Summary: This 17-minute long speech is a defining moment in the history of the American Civil Rights Movement. Delivered from the steps of the Lincoln Memorial to a crowd of 200,000 civil rights supporters, the speech ranks amongst greatest ever in modern history. Martin Luther King Jr. stepped up to the microphone and then began speaking. Unknown to the crowd, however, was the fact that the microphones had been wired erroneously that day. Backstage SM Krishna had been practising his own speech on civil rights and freedom. However  the audio visual contractor--Pradeep Light And Sound, NOIDA--hooked Krishna's mic to the speakers by mistake. Tragically to this day Martin Luther King Jr still takes credit for that inspiring piece of rhetoric.

Fun fact: One of Krishna's favourite lines from this speech is: "I have a dream that one day this nation will rise up and live out the true meaning of its creed: 'If you come today, its too early. If you come tomorrow, its too late. Tick tick tick tick tick tick (repeat x 2).'"

Language of delivery: Klingon

Speech 4

Time and place: 10 November 1942; London

Summary: After having well prepared the British Empire for war against the Nazi hordes with his inspirational King's Speech in 1939, SMK--or Smack Daddy as he is known in diplomatic circle--was also instrumental in crafting a great speech later in the war when the tide began to turn. While many people attribute this speech to Winston Churchill, who did actually give it, it was originally composed by Krishna during Churchill's secret state visit to Bangalore in October 1942. After Churchill disembarked at Bangalore International Airport he was received by Krishna who offered to drive Churchill to his hotel in the city. Within minutes of leaving the airport their car was stuck in traffic for two hours. Churchill asked Krishna how long the jam would last for. Krishna made history with his subsequent reply: "Oh Winsty, this is not the end of the jam. It is not even the beginning of the end. But it is, perhaps, the end of the beginning.Unless we take this route through Hosur in which case it could be the beginning of the middle part of the end. Or in any case the middle end of the start center."

Fun fact: Churchill is currently somewhere near Electronic City.

Language of delivery: Braille

Speech 5

Time and place: 4 July 200?; Nevada

Summary:  Just thinking of this incident makes my eyes well up with tears. As you may recall aliens from an unknown planet had all but destroyed the world's armed forces. And reduced many of our cities to rubble. Massive alien spaceships, played by Govinda, hovered over the earth, while advanced alien fighter craft sought and destroyed life. World governments had all but given up hope. No one knew what to do about these aliens except the Maharashtra Navnirman Sena who beat up taxi drivers. This did not work. Then they tried again in Worli. Again it did not work. Then they went to Mahesh Lunch Home and after that they went home. Finally it was left to a bedraggled group of international jet fighter pilots to launch a last-minute desperate attack. They would attack a mothership and then infect the onboard computer system-- Finacle by Infosys--with a virus. As the representative of the world's most powerful software developer industry SM Krishna was invited to give vote of thanks. This is when he said those inspirational words that will live as long as mankind will:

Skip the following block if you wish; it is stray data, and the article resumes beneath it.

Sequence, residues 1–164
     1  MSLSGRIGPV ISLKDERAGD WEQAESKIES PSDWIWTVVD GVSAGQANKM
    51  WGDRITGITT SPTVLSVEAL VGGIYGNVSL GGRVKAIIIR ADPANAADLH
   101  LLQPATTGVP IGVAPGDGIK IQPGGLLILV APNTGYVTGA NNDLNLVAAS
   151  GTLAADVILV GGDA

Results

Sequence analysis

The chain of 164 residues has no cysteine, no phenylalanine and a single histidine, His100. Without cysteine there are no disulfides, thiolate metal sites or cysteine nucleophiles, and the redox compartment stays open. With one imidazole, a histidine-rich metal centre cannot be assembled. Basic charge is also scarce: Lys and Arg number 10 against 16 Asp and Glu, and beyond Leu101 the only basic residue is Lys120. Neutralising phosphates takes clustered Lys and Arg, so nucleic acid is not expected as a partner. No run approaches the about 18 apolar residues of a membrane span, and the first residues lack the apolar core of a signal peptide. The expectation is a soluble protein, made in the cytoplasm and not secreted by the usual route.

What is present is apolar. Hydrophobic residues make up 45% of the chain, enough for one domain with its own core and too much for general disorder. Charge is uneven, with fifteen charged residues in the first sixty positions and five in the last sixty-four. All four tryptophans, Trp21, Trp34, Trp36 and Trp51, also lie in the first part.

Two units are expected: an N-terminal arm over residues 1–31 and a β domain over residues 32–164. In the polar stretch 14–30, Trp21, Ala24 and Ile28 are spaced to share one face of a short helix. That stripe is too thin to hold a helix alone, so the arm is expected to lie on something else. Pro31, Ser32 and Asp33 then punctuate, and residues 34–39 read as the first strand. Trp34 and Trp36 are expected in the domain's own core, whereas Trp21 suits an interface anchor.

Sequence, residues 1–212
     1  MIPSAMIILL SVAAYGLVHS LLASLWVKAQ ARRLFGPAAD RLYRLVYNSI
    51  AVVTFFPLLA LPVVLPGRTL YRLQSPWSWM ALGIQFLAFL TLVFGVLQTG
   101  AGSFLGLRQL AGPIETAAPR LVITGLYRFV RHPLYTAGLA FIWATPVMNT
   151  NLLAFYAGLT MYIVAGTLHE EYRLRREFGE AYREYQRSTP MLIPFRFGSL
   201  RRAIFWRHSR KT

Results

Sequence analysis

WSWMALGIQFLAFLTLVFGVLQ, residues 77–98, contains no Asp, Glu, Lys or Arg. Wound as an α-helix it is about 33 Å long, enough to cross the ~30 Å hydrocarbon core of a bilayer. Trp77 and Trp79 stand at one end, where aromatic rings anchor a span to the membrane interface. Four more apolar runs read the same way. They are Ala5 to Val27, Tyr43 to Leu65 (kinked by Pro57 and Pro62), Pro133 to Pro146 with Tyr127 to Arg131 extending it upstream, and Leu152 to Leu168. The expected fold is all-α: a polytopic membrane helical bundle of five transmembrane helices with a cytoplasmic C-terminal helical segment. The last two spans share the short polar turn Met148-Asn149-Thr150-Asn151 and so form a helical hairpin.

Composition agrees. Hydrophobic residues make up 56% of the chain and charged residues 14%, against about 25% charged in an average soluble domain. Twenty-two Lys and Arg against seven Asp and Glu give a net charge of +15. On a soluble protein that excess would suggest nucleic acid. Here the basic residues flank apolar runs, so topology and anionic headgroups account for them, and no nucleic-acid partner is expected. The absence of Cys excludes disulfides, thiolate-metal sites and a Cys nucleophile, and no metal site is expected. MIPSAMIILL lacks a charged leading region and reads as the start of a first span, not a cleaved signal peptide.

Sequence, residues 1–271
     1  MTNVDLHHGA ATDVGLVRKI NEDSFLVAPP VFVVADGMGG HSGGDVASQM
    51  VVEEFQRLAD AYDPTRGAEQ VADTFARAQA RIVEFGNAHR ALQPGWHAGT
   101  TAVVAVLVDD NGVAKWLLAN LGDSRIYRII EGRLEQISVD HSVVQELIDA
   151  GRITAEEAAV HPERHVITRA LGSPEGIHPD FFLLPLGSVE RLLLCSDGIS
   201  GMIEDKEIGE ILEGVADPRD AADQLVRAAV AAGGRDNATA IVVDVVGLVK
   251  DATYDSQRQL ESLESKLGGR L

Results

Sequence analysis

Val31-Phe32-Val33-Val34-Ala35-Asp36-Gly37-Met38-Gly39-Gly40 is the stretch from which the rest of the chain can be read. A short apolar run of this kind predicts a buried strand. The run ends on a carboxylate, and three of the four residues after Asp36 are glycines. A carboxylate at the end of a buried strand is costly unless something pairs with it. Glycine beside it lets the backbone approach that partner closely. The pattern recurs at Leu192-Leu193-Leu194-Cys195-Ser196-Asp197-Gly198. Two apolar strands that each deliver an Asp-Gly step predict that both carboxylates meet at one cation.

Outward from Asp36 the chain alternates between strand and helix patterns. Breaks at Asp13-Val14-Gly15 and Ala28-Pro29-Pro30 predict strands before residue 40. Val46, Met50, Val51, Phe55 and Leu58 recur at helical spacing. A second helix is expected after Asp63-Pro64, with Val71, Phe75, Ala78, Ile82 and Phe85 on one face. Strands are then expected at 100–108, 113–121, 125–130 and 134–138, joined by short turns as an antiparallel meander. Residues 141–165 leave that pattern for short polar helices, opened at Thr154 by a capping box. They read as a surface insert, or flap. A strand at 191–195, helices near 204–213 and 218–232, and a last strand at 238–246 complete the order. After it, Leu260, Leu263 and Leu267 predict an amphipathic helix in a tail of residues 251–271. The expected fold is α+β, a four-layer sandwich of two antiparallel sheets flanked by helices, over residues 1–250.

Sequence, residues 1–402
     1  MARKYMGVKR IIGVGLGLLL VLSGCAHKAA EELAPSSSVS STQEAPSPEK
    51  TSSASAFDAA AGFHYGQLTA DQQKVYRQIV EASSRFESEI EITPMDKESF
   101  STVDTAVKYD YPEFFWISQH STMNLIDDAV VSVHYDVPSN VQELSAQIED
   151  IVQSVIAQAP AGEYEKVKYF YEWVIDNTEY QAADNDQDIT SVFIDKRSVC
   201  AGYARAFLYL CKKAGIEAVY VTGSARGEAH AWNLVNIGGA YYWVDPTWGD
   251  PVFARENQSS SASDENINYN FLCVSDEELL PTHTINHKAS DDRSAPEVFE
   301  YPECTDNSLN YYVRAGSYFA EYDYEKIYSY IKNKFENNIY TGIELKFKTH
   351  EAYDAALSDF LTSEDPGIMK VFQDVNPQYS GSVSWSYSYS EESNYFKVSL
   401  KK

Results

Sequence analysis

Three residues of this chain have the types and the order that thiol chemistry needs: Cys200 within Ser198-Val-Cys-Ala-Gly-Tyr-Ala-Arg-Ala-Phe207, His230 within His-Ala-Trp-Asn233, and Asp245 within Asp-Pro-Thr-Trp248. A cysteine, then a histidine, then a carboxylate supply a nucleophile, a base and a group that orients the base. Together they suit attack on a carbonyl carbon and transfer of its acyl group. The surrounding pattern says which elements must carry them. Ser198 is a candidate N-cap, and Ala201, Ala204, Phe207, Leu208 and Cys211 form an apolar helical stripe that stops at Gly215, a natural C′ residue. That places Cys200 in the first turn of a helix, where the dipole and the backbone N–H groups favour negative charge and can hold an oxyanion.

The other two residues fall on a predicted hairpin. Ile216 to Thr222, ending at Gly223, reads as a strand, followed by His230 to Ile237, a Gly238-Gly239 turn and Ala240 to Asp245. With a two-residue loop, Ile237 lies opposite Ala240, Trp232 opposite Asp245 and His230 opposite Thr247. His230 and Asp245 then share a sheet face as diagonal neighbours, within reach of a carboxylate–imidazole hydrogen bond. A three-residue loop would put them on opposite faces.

"Mankind -- that word should have new meaning for all of us today. We can't be consumed by our petty differences anymore. We will be united in our common interests. Perhaps its fate that today is the 4th of July, and you will once again be fighting for our freedom, not from tyranny, oppression, or persecution -- but from Tamil Nadu."

Fun fact: Above mentioned speech was delivered on a tank with a megaphone in...

Language of delivery: Cobol

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P.S. I am currently working on an online anthology of SMK's written and spoken works. Please leave contact details below to be informed when the repository is live.